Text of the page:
We need to build a better world — better as defined by Nature’s perfect system

Zsolt Hermann
2 min readMar 19, 2021

Question from the Internet:

“If we are talking about a better world for everybody. I feel like what is better for everybody is very subjective. So what do you think are unified qualifications of a better world that everyone could agree on?”

Fortunately, the answer is very simple, but we tend to make everything very complicated through our inherently egocentric, subjective, and self-justifying consciousness, intellect.

Humanity is born from nature, exists in nature, and still evolves together with nature. We are one of nature’s species, integral parts of the whole system as an organ in a biological body.

A “better world for everybody” means a world, that is harmoniously integrated, adapted to nature, keeping all the strict, unrelenting natural laws that sustain the balance and homeostasis life depends on.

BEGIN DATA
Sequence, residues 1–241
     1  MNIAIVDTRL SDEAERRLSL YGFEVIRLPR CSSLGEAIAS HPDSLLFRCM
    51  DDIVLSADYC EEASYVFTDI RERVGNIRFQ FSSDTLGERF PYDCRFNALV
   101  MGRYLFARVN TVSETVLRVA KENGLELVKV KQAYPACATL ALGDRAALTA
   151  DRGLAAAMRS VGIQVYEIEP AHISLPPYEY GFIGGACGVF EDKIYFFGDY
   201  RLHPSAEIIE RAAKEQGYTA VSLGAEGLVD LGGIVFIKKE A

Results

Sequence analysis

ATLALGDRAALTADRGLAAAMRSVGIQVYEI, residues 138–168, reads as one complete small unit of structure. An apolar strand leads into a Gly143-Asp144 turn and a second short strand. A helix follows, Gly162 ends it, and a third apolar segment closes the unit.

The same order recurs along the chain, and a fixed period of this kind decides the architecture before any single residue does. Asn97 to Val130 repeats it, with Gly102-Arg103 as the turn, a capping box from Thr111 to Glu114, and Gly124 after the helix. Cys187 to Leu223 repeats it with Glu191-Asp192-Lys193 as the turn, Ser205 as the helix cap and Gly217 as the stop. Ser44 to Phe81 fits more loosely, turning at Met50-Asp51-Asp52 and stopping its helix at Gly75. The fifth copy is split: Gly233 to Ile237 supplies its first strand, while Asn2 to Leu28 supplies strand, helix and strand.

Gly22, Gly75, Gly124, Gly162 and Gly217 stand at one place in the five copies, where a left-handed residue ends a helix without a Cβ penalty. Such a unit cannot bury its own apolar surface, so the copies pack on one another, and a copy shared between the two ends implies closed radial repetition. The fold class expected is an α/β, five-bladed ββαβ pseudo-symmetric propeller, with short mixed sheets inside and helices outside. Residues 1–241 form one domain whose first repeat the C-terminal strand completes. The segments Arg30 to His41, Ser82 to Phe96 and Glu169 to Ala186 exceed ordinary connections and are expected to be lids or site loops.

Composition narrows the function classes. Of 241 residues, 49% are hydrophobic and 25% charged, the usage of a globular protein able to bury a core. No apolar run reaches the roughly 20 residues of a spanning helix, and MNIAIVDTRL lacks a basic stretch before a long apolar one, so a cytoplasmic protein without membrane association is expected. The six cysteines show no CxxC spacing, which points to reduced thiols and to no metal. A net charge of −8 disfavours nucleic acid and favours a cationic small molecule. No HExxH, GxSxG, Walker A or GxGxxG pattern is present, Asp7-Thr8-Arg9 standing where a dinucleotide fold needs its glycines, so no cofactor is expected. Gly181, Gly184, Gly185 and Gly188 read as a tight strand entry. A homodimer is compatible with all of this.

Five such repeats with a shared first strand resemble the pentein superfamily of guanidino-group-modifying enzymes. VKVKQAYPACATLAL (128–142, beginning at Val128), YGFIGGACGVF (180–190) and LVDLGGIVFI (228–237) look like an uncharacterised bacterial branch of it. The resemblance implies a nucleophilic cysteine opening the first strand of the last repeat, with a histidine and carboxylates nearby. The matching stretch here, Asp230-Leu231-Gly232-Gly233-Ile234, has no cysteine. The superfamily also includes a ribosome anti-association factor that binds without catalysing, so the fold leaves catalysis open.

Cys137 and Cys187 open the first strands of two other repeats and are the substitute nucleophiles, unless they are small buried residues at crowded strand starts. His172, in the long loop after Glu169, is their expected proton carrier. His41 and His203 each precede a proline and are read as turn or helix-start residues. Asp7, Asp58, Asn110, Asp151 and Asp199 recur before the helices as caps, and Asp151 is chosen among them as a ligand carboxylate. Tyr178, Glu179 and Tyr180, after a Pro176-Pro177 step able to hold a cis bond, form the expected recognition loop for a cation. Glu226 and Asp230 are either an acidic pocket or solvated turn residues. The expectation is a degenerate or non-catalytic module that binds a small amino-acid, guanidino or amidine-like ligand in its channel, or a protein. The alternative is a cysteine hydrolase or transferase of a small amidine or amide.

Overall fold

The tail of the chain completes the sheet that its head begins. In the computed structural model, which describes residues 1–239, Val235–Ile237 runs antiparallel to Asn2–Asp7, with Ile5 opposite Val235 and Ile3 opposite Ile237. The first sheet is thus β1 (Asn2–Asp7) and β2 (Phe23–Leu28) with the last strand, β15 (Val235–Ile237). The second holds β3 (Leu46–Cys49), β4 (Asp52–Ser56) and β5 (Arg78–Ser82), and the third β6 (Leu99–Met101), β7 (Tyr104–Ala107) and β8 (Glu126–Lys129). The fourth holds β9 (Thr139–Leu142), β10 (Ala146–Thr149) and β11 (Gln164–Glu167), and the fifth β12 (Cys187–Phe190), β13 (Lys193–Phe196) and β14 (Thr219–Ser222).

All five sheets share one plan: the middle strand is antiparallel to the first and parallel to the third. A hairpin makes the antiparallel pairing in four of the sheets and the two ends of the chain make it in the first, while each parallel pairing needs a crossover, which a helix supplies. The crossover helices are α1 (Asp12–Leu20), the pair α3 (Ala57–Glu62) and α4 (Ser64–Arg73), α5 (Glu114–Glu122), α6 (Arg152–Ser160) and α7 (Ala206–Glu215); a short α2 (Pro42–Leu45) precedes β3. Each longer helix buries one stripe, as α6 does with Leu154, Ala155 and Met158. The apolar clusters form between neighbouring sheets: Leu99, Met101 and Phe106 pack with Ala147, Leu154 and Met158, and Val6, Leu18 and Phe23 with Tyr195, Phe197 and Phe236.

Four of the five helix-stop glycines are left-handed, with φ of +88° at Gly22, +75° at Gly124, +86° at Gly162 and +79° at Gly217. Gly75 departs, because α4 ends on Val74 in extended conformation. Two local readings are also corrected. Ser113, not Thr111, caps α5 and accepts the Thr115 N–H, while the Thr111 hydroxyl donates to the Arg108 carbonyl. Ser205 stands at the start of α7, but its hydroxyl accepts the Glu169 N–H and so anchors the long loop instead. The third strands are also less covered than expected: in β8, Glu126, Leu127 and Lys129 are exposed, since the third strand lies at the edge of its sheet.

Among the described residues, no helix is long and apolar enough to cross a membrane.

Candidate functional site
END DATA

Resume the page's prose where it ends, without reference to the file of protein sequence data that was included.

This human integration into nature first of all requires our positive, benevolent, mutual integration with each other.

The reason why humanity has to achieve this integration — which happened blindly, automatically, instinctively for every other part of the natural system — is our very unique, unparalleled evolutionary role in the system.

On the merit of integrating with each other and by that integrating with nature through purposeful, conscious efforts above and against our inherently selfish, egoistic, subjective nature we become nature’s only conscious, independent but at the same time integrated, inner observers, partners.

This is why human beings had to be born seemingly outside, against nature — from our own viewpoint — so on top of this, against this we could achieve the purposefully proactive, conscious integration, giving us the unique, conscious, unlimited, and objective insider view of nature’s perfect system in contrast to the original, limited, and distorted egoistic and subjective viewpoint.



Zsolt Hermann

I am a Hungarian-born Orthopedic surgeon presently living in New Zealand, with a profound interest in how mutually integrated living systems work.